Duke's death in midst of unprecedented times for country
- Credit: PA
The Duke of Edinburgh's death has fallen in the midst of unprecedented times as the nation remains gripped by the coronavirus pandemic
The Duke of Edinburgh's death has fallen in the midst of unprecedented times as the nation remains gripped by the coronavirus pandemic.
After the turmoil of 2020, 2021 began with a third national lockdown in England as the Covid-19 deaths continued to rise across the UK and around the world.
Philip, 99, who was married to the Queen for more than 70 years, was just weeks from his milestone 100th birthday on June 10, and the Queen is approaching her platinum jubilee next year.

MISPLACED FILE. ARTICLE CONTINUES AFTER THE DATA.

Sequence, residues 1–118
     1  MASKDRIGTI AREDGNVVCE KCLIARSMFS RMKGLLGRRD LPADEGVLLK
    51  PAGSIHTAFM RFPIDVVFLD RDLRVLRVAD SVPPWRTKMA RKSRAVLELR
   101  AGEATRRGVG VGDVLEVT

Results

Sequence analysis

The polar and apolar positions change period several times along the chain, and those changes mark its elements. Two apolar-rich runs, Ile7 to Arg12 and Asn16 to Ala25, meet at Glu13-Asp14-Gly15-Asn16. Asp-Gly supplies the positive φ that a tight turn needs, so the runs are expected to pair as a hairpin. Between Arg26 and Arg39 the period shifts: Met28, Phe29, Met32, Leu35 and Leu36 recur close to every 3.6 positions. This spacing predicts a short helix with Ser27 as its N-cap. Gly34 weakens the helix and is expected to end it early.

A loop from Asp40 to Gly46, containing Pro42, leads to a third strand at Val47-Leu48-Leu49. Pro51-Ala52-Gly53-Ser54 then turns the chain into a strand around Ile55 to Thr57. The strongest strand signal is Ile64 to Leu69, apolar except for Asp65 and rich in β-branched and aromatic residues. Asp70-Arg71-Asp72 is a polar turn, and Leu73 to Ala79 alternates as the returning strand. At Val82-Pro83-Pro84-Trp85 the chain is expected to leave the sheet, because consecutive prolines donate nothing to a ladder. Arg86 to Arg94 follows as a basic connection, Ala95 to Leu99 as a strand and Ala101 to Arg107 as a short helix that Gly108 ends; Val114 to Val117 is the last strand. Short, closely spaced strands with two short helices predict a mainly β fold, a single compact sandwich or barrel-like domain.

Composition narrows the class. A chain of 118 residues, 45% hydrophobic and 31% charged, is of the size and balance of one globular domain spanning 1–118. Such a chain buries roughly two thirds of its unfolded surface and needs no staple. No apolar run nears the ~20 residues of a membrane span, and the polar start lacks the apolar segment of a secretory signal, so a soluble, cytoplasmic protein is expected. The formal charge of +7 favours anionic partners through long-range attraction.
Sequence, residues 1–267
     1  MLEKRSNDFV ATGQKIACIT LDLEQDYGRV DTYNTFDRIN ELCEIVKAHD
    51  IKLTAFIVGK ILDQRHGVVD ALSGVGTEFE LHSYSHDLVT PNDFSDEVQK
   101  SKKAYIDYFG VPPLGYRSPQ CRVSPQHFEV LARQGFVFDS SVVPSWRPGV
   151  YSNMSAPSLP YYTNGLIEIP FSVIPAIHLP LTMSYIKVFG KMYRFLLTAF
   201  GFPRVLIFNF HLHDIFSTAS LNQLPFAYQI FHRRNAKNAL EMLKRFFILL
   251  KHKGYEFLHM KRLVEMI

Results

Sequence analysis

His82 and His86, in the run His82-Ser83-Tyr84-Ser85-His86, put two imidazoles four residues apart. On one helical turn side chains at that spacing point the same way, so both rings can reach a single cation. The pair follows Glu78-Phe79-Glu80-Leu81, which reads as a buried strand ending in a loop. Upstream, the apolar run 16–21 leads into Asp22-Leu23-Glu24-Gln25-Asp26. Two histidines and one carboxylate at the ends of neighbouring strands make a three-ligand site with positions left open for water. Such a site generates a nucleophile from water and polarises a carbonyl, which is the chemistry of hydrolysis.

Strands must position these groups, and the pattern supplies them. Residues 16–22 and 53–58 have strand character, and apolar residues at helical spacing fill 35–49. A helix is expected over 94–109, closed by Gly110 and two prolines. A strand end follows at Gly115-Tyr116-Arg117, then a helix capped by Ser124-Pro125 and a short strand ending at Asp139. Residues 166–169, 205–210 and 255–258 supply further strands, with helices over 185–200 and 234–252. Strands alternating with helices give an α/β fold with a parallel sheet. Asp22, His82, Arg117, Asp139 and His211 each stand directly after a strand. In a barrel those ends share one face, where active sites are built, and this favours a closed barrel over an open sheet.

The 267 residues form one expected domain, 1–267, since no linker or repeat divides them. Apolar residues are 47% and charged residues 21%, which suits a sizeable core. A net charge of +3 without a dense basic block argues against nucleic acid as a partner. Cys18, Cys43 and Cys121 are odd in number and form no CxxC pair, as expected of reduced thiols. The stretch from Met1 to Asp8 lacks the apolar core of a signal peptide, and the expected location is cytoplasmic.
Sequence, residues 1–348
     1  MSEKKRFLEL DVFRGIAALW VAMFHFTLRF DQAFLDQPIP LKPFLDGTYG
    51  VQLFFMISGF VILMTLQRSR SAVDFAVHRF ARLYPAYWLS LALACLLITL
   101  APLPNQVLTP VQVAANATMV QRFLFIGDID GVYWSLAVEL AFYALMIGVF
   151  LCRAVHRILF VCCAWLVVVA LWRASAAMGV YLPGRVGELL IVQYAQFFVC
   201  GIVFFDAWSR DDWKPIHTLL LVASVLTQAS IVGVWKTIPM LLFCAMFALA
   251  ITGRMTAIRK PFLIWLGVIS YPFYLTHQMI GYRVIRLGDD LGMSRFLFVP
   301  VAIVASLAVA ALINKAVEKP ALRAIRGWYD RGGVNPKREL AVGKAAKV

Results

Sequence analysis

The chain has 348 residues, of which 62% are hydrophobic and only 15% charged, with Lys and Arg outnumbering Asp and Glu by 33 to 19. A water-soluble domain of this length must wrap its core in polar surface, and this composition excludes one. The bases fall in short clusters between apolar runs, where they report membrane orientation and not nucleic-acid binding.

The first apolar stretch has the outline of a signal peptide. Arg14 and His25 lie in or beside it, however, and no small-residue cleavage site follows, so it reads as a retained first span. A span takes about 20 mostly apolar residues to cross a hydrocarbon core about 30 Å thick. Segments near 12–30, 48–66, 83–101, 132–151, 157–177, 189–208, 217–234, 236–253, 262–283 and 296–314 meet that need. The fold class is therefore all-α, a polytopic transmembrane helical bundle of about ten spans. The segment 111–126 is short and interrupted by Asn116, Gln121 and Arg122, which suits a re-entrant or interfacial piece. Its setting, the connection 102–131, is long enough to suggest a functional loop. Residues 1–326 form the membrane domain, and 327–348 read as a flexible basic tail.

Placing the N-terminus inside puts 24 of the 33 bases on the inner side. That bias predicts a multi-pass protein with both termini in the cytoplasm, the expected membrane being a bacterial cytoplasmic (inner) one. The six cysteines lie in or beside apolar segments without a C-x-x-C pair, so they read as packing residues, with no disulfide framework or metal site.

The royal family, like the rest of the country, spent months separated from one another, with the Prince of Wales and the Duke of Cambridge contracting coronavirus.
Now the royal family is grieving, having had to say goodbye to their much-loved patriarch Philip - at a time when the monarchy had already been plunged into crisis.
The Windsors had been experiencing one of their most challenging periods in the modern era with the bitter fallout from the Megxit crisis, the rift between two royal brothers, and the scandal surrounding the Duke of York.
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While Philip was unwell in hospital after surgery on his heart, came the Duke and Duchess of Sussex's damaging Oprah interview.
The monarchy's reputation was left in tatters after Harry and Meghan accused the royal family of racism and the institution of failing to help the suicidal duchess.